Debtor Various regulations as to the relation between debtor and creditor are laid down in the Scriptures. (1.) The debtor was to deliver up as a pledge to the creditor what he could most easily dispense with (Deu 24:10, Deu 24:11). (2.) A mill, or millstone, or upper garment, when given as a pledge, could not be kept over night (Exo 22:26, Exo 22:27). (3.) A debt could not be exacted during the Sabbatic year (Deu 15:1). For other laws bearing on this relation see Lev 25:14, Lev 25:32, Lev 25:39; Mat 18:25, Mat 18:34. (4.) A surety was liable in the same way as the original debtor (Pro 11:15; Pro 17:18).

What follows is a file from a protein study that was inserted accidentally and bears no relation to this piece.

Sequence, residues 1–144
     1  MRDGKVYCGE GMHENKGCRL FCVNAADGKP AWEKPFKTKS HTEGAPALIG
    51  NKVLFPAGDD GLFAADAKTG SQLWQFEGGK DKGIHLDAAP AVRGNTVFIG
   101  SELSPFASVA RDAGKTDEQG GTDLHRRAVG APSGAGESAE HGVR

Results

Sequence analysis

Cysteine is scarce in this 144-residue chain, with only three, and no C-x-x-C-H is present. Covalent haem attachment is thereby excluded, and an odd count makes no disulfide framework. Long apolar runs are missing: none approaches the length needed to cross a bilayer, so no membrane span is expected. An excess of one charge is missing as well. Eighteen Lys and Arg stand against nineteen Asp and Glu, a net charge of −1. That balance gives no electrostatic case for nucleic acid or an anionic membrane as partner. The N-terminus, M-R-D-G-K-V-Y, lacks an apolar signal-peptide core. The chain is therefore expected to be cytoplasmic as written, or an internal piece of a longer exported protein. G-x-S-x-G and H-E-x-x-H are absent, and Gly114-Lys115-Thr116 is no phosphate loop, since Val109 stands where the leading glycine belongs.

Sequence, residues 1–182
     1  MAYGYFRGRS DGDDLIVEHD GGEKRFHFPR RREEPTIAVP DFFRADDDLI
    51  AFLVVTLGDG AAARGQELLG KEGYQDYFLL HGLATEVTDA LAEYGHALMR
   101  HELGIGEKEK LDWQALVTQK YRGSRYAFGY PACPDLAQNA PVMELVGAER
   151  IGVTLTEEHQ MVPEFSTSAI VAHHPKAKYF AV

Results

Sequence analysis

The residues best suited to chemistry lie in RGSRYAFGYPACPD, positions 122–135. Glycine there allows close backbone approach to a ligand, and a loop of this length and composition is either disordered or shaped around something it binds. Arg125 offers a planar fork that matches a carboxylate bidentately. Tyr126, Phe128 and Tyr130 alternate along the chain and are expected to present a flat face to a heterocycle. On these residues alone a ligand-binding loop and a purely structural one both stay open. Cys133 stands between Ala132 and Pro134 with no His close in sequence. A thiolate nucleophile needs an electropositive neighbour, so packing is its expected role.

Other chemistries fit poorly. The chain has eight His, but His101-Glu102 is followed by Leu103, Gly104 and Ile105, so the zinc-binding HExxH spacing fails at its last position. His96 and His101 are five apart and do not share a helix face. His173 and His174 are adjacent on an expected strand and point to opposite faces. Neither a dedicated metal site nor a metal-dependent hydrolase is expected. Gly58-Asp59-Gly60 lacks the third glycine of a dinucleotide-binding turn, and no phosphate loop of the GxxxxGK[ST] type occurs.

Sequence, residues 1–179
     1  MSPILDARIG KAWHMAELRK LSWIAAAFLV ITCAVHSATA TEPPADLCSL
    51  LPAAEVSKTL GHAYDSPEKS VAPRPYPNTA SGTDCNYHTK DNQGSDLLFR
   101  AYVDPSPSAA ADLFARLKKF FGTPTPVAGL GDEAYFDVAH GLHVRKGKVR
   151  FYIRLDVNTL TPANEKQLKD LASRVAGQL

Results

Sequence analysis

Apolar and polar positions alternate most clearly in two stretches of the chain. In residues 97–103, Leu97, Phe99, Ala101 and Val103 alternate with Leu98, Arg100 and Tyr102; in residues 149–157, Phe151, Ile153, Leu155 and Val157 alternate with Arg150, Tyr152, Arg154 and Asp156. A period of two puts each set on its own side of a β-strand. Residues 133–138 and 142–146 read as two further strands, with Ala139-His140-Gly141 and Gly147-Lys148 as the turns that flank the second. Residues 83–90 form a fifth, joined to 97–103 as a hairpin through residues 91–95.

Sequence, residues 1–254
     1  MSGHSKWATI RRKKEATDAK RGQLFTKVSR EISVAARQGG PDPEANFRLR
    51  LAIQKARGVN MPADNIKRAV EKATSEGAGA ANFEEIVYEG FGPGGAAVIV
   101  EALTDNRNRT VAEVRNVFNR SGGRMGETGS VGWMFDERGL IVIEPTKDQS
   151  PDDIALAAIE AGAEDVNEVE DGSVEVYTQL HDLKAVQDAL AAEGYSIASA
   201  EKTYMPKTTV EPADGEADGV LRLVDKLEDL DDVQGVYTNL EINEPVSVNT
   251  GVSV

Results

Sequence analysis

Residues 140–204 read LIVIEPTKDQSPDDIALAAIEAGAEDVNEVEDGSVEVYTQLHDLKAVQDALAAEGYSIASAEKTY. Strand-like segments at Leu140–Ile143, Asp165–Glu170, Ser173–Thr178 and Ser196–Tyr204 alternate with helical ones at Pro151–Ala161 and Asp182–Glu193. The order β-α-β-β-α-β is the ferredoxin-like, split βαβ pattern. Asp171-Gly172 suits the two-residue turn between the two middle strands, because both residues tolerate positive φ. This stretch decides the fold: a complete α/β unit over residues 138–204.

Decalogue The name given by the Greek fathers to the ten commandments; "the ten words," as the original is more literally rendered (Exo 20:3). These commandments were at first written on two stone slabs (Exo 31:18), which were broken by Moses throwing them down on the ground (Exo 32:19). They were written by God a second time (Exo 34:1). The decalogue is alluded to in the New Testament five times (Mat 5:17, Mat 5:18, Mat 5:19; Mar 10:19; Luk 18:20; Rom 7:7, Rom 7:8; Rom 13:9; Ti1 1:9, Ti1 1:10). These commandments have been divided since the days of Origen the Greek father, as they stand in the Confession of all the Reformed Churches except the Lutheran. The division adopted by Luther, and which has ever since been received in the Lutheran Church, makes the first two commandments one, and the third the second, and so on to the last, which is divided into two. "Thou shalt not covet thy neighbour's house" being ranked as ninth, and "Thou shalt not covet thy neighbour's wife," etc., the tenth. (See COMMANDMENTS.